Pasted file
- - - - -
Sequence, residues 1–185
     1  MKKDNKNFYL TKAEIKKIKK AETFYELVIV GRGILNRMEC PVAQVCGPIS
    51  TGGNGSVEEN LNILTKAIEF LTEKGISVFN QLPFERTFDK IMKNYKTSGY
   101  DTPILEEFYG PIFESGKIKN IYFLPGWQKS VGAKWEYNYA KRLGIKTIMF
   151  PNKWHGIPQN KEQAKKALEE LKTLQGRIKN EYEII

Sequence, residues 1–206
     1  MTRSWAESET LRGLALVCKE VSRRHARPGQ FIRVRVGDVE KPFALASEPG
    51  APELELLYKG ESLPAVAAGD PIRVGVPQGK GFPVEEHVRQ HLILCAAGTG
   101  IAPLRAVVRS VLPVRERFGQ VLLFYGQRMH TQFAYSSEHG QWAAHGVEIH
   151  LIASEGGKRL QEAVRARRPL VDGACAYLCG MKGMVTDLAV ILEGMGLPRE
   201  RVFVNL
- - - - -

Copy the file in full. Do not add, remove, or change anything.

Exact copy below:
Sequence, residues 1–185
     1  MKKDNKNFYL TKAEIKKIKK AETFYELVIV GRGILNRMEC PVAQVCGPIS
    51  TGGNGSVEEN LNILTKAIEF LTEKGISVFN QLPFERTFDK IMKNYKTSGY
   101  DTPILEEFYG PIFESGKIKN IYFLPGWQKS VGAKWEYNYA KRLGIKTIMF
   151  PNKWHGIPQN KEQAKKALEE LKTLQGRIKN EYEII

Sequence, residues 1–206
     1  MTRSWAESET LRGLALVCKE VSRRHARPGQ FIRVRVGDVE KPFALASEPG
    51  APELELLYKG ESLPAVAAGD PIRVGVPQGK GFPVEEHVRQ HLILCAAGTG
   101  IAPLRAVVRS VLPVRERFGQ VLLFYGQRMH TQFAYSSEHG QWAAHGVEIH
   151  LIASEGGKRL QEAVRARRPL VDGACAYLCG MKGMVTDLAV ILEGMGLPRE
   201  RVFVNL